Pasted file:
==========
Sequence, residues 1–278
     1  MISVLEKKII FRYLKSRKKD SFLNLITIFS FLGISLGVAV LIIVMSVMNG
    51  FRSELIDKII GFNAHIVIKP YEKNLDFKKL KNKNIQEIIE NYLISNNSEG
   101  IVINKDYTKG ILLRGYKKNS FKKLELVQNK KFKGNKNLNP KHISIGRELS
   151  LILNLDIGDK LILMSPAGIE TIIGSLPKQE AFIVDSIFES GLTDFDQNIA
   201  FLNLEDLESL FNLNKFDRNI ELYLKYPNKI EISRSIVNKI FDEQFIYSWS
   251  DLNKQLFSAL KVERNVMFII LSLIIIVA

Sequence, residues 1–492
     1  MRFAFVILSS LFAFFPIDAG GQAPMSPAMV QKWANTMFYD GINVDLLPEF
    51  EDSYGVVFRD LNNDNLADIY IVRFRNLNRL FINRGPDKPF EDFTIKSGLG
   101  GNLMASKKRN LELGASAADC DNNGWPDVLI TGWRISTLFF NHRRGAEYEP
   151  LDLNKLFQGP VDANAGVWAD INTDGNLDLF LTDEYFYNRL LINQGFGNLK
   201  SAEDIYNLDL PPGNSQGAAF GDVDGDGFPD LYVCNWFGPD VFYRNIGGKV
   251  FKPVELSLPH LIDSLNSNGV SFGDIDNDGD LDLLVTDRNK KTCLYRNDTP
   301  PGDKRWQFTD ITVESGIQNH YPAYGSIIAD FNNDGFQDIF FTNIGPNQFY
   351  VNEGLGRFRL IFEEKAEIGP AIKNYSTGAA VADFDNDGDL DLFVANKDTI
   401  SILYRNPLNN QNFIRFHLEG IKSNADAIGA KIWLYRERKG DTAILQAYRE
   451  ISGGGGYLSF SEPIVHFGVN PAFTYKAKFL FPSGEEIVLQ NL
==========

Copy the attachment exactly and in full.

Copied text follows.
Sequence, residues 1–278
     1  MISVLEKKII FRYLKSRKKD SFLNLITIFS FLGISLGVAV LIIVMSVMNG
    51  FRSELIDKII GFNAHIVIKP YEKNLDFKKL KNKNIQEIIE NYLISNNSEG
   101  IVINKDYTKG ILLRGYKKNS FKKLELVQNK KFKGNKNLNP KHISIGRELS
   151  LILNLDIGDK LILMSPAGIE TIIGSLPKQE AFIVDSIFES GLTDFDQNIA
   201  FLNLEDLESL FNLNKFDRNI ELYLKYPNKI EISRSIVNKI FDEQFIYSWS
   251  DLNKQLFSAL KVERNVMFII LSLIIIVA

Sequence, residues 1–492
     1  MRFAFVILSS LFAFFPIDAG GQAPMSPAMV QKWANTMFYD GINVDLLPEF
    51  EDSYGVVFRD LNNDNLADIY IVRFRNLNRL FINRGPDKPF EDFTIKSGLG
   101  GNLMASKKRN LELGASAADC DNNGWPDVLI TGWRISTLFF NHRRGAEYEP
   151  LDLNKLFQGP VDANAGVWAD INTDGNLDLF LTDEYFYNRL LINQGFGNLK
   201  SAEDIYNLDL PPGNSQGAAF GDVDGDGFPD LYVCNWFGPD VFYRNIGGKV
   251  FKPVELSLPH LIDSLNSNGV SFGDIDNDGD LDLLVTDRNK KTCLYRNDTP
   301  PGDKRWQFTD ITVESGIQNH YPAYGSIIAD FNNDGFQDIF FTNIGPNQFY
   351  VNEGLGRFRL IFEEKAEIGP AIKNYSTGAA VADFDNDGDL DLFVANKDTI
   401  SILYRNPLNN QNFIRFHLEG IKSNADAIGA KIWLYRERKG DTAILQAYRE
   451  ISGGGGYLSF SEPIVHFGVN PAFTYKAKFL FPSGEEIVLQ NL